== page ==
PM: Istanbul suicide bomber was ISIS militant
An attack on Istanbul’s tourist heart on Tuesday killed 10 people and wounded 15 others
The Istanbul suicide bombing that left 10 people dead, mostly Germans, was carried out by a militant from the Islamic State of Iraq and Syria (ISIS) extremist group, Prime Minister Ahmet Davutoglu said on Tuesday.
“We have determined that the perpetrator of the attack is a foreigner who is a member of Daesh,” Davutoglu said in Ankara, using an Arabic acronym for ISIS.
Germany's foreign minister says eight Germans are among the dead in an Istanbul bombing and nine others are wounded, some seriously.
A Turkish official had earlier said that nine Germans had died. The reason for the discrepancy was not immediately clear.
Meanwhile, President Recep Tayyip Erdogan had earlier confirmed the bomber was a Syrian.
“I strongly condemn the terror attack which was carried out by a suicide bomber of Syrian origin,” Erdogan said in a speech in Ankara in his first reaction to the blast.
“Unfortunately... there are fatalities, including locals and foreigners. This incident showed again we have to stand together in the face of terror.”
“Turkey’s determined position will not change. We don’t make any difference between the names or abbreviations (of terror groups).”
“The first target of all the terror groups active in this region is Turkey. Because Turkey fights them all with the same determination,” he added.
Turkey has been on high alert after a series of attacks blamed on ISIS including a double suicide bombing in the capital Ankara in October that left 103 people dead. Turkish authorities have in recent weeks detained several suspected ISIS members with officials saying they were planning attacks in Istanbul.
But Turkey is also waging an all-out assault on the outlawed Kurdistan Workers’ Party (PKK) which Ankara and its Western allies classify as a terror group.
A Kurdish splinter group, the the Freedom Falcons of Kurdistan (TAK) claimed a mortar attack on Istanbul's second international airport on December 23 which killed a female cleaner and damaged several planes
Meanwhile the banned ultra-left Revolutionary People's Liberation Party-Front (DHKP-C) has also staged a string of usually small-scale attacks in Istanbul over the last months.
German, Norwegian tourists
Turkey’s CNN Turk television said that foreign tourists from Germany and Norway are among those wounded in the central Istanbul explosion.
An official from one tour company who declined to be identified told Reuters that a tourist group from Germany was in the area at the time of the blast, but it was unclear whether any of them had been hurt.
Investigations were being conducted into the type of explosive which caused the blast and those responsible, the governor's office statement said.
A witness and police officer at the central Istanbul Sultanahmet square, a major tourist attraction, reported seeing body parts after the blast, Reuters news agency reported.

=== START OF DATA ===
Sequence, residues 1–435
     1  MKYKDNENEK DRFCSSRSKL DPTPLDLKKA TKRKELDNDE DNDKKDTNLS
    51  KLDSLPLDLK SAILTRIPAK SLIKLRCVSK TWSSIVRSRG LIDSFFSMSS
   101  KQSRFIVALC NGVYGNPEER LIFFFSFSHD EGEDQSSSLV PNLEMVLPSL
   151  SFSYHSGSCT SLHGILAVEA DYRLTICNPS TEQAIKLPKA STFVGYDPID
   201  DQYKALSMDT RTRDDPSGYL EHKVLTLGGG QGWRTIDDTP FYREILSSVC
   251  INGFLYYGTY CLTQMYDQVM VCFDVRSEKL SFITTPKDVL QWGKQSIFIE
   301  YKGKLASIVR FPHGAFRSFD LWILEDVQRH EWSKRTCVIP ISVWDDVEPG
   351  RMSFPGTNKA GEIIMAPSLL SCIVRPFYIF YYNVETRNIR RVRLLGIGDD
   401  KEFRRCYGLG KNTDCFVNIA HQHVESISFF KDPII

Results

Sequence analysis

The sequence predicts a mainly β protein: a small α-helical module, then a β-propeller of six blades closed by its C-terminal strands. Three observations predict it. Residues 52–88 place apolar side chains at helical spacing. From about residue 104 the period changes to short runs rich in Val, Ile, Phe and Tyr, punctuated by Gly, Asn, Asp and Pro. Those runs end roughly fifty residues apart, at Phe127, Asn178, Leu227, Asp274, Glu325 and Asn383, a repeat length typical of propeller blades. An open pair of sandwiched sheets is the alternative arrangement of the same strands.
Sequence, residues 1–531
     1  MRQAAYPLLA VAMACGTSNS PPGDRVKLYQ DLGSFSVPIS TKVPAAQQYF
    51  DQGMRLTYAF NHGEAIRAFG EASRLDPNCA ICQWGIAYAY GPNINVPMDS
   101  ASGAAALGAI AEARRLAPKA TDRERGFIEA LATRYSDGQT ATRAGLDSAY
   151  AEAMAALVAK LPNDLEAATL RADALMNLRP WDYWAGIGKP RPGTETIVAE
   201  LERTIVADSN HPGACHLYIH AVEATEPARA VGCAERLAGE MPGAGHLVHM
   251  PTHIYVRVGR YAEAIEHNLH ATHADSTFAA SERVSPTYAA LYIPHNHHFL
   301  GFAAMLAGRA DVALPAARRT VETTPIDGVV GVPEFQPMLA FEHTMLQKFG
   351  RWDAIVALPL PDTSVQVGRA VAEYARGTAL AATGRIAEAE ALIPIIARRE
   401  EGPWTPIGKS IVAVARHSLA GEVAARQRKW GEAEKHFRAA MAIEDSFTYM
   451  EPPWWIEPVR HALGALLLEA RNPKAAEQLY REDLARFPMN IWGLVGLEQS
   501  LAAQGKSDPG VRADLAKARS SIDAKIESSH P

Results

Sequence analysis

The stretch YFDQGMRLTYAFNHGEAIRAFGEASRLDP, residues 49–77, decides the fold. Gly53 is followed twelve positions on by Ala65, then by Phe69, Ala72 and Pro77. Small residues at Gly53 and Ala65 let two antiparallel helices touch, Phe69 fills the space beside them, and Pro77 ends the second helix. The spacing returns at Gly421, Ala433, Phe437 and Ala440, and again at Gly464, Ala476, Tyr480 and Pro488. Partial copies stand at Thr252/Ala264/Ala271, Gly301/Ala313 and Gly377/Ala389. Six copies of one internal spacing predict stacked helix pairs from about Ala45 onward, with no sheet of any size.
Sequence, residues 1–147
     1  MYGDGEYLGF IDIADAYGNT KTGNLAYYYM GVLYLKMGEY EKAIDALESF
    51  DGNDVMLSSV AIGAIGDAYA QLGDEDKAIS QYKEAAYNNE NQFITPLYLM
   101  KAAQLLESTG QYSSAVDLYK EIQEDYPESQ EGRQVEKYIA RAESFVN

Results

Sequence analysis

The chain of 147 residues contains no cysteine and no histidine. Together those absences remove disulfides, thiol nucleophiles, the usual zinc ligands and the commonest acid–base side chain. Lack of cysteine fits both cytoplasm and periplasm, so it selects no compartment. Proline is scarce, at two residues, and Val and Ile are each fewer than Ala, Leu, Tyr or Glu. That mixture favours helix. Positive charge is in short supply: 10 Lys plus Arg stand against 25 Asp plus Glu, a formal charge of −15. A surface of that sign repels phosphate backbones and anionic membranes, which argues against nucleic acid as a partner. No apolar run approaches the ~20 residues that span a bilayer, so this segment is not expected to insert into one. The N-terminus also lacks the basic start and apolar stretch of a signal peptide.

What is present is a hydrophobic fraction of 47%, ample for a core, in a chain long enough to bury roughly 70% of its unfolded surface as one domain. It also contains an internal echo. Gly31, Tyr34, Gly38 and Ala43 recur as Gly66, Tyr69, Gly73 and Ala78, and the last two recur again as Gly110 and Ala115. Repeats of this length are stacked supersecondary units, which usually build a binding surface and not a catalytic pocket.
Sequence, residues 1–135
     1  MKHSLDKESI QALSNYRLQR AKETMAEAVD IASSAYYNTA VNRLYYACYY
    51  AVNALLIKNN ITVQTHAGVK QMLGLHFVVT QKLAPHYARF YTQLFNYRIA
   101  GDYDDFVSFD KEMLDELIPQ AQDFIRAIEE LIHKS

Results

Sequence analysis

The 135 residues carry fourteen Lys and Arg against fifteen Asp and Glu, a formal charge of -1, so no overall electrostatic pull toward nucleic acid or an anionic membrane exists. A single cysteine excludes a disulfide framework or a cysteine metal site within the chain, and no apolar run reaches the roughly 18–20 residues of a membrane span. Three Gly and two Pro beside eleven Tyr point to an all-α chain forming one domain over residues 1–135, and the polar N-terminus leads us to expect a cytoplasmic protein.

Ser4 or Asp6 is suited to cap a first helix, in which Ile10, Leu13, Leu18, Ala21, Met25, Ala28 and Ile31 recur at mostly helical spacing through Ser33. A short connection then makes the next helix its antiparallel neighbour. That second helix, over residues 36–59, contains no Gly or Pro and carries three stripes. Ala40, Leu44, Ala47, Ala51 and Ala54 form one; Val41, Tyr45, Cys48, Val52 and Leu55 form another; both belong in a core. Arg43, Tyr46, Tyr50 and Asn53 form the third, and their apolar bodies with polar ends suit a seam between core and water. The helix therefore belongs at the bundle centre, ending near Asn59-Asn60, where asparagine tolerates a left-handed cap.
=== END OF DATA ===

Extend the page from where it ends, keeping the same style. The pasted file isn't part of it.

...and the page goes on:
Eyewitnesses told Al Arabiya News the explosion was so loud and strong that it was heard from several kilometers away, and many tourists were left in shock. The blast caused a one-meter-deep crater, according to the media reports.
Turkish police sealed off the square as ambulances rushed to the scene of the explosion.
Sultanahmet square, close to the Blue Mosque and Hagia Sophia, in a major tourist area of Turkey's most populous city.
According to the initial unconfirmed reports from state-run television TRT based on eyewitnesses, the explosion was allegedly caused by a suicide bomber. Police forces have reportedly found mechanical parts in the area that further confirm the use of suicide bomber tactics.
Yesterday, Turkish police arrested 3 suspects in Diyarbakir, connected to ISIS, claiming that they were about to launch an attack in southeastern province of Diyarbakir.
Also, two suspected ISIS militants, who were plotting attacks on New Year’s Eve in capital city of Ankara were also arrested on Dec. 30 with their explosive devices and belts.
The blast could be devastating for the Turkish tourism sector that has already been suffering from the Russian sanctions and rising security threats. Last year, over 12 million tourists visited the city, but if the instability continues, the number is expected to decrease.
Turkey on edge
The blast came after a slew of deadly attacks across Turkey in past months that has left Turkey's largest city on edge.
The force of the blast was sufficient to be heard in adjacent neighborhoods, witnesses told Agence France-Presse.
In reaction, Russia’s foreign minister said that Tuesday’s deadly bomb attack confirms the need for countries to urgently join forces to battle terrorism.
U.N. Secretary-General Ban Ki-moon on Tuesday condemned a suicide bomb attack in Istanbul, calling it a “despicable crime” and said the perpetrators must face justice.
Additional reporting Menekse Tokyay in Istanbul
(With AFP and Reuters)
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